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At one point she pulled the safety card out again to check some details, but quickly put it back down and drew the parts as she imagined them in her mind’s eye: from her time looking out airport windows in the past, from her Playmobil toy plane, and from our earlier discussion and study of the illustrations.

If you’re as amazed by this process as I am, and you are interested in helping children improve their observational drawing skills by talking about the world they see around them, I recommend Observation Drawing with Children by Nancy Smith and the Drawing Study Group (1997, Teachers College Press). I think I’ve mentioned it before. I’m sure I’ll mention it again.

Still Drawing Outside the Lines, But Getting Clearer

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“That’s daddy, me, and mommy” (from left)

I’ve been following Cora’s mark-making development for almost five years now, nearly three on this blog. Like any academic art educator parent, I muse over pretty much any mark she makes with some intention; from her first experiments with blackberry juice at her highchair and water drenched paintbrushes on the driveway to magic marker tatoos and family portraits. But despite my affection for alternative forms of artmaking, those that stray outside the lines, I’m still a sucker for representational drawing. (Read this post from last year from more this.) I’m not talking about realism, but drawings that demonstrate careful observation and reflection of objects and experiences in our world.

So it was with great amazement that I watched, and listened, to Cora complete this (5″ x 8″) drawing the other morning.

IMG_20150613_0001“This is what I want for a snack, Mommy,” she declared as she sat on the floor busily drawing. “A carrot!”

“Of course you can have a carrot,” I told her. “But first, can you tell me about the one you are drawing?”

Cora narrated her drawing for me in great detail. The horizontal line was the ground and the little oval under it towards the center of the page was the carrot. She was actively drawing its leaves and then moved on to the squiggly line to its right which is a shark trying to steal the carrot. I’m not sure about the other squiggles (maybe just the shark’s movement), but the dots are definitely raindrops.

I was happy to be there to capture the moment and document it here. I was happy to know that our work at Over the Fence Urban Farm has helped her learn that carrots come from the ground, not the grocery store. I wish more people could appreciate the process of drawing and not be so fixated on the product. This ought to be the case for folks drawing at any age or stage of life. Drawing is a way of thinking, not just a form of making.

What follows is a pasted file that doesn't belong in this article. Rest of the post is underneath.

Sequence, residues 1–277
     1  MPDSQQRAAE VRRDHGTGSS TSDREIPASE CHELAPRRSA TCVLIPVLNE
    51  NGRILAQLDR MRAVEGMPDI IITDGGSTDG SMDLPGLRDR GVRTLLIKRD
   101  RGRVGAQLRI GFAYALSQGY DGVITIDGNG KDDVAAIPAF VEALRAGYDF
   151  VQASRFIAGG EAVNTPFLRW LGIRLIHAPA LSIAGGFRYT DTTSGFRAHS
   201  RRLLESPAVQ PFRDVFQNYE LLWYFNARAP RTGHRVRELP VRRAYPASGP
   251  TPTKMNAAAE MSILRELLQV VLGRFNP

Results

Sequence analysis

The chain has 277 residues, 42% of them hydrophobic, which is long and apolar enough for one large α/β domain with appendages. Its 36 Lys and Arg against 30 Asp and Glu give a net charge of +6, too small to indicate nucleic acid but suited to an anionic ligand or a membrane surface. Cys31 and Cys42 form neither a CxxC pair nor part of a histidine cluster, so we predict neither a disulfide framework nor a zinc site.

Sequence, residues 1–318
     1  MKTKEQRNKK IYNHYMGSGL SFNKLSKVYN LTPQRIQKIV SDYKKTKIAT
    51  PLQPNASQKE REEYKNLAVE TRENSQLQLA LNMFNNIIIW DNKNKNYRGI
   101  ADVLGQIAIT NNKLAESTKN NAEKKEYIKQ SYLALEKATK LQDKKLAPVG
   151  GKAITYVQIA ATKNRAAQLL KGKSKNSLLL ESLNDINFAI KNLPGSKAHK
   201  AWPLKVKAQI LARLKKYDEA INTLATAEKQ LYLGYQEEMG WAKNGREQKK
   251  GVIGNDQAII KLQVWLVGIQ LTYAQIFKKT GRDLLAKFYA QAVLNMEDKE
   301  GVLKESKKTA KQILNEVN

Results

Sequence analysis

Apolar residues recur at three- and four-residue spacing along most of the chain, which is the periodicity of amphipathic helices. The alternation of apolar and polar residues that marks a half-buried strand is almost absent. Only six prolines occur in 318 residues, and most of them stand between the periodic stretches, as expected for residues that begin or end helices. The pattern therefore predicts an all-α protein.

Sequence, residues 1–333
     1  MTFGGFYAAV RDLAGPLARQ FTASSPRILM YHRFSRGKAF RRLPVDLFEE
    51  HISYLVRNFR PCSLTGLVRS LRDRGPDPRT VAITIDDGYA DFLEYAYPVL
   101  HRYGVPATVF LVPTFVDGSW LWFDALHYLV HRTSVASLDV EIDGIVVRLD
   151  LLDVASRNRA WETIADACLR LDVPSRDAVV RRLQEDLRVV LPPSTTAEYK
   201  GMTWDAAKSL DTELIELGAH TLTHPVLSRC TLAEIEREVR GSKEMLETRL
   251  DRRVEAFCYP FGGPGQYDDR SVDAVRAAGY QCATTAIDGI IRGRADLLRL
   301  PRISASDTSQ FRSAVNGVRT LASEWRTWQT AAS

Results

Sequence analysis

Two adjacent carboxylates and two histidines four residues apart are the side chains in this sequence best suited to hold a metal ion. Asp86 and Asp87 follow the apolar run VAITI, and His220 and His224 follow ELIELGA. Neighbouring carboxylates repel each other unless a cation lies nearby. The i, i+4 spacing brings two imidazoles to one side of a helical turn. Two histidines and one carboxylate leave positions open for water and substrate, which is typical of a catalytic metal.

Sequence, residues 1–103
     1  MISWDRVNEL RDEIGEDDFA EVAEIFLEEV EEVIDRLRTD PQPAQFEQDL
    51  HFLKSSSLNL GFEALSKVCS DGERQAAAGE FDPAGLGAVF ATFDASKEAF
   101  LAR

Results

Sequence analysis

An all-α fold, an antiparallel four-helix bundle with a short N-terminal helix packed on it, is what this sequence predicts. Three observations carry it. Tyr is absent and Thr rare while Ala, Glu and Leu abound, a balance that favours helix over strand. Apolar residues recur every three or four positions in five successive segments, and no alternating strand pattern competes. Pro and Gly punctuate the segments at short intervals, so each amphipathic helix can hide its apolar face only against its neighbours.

This summer, I promised myself I would write a one-page information sheet this summer for the parents who volunteer in Cora’s cooperative pre-school about documentation and children’s learning, an idea that comes from the Reggio Emila approach to early childhood education. Sometimes I take for granted my professional knowledge of learning and development and assume other parents have this knowledge and training as well. But they don’t, and while I LOVE our school, I think it could do more to develop our parents as reflexive volunteers in the classroom, and teacher researchers in their own homes. This will be my contribution.Teaching parents about documentation, which the teacher’s assistant does a fair amount of, will help them better understand and appreciate Ms. N’s work, and enable them to help her when they are in the room.

Cora’s carrot drawing drawing was just the inspiration I needed to get off my duff and get started. Without my documentation of her narration, the drawing would just look like a series of squiggles and dots. It’s a perfect example of how we can all make learning, and creativity, visible with just a few lines of annotation.

Here’s one more from dinner last night. (Never go to a restaurant with kids and without paper and something to draw with, if only a ballpoint pen, which just happens to be one of my favorite media for drawing.)

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“This is a sting turtle. Their bodies are completely red because they are made of hot lava.”

Wow.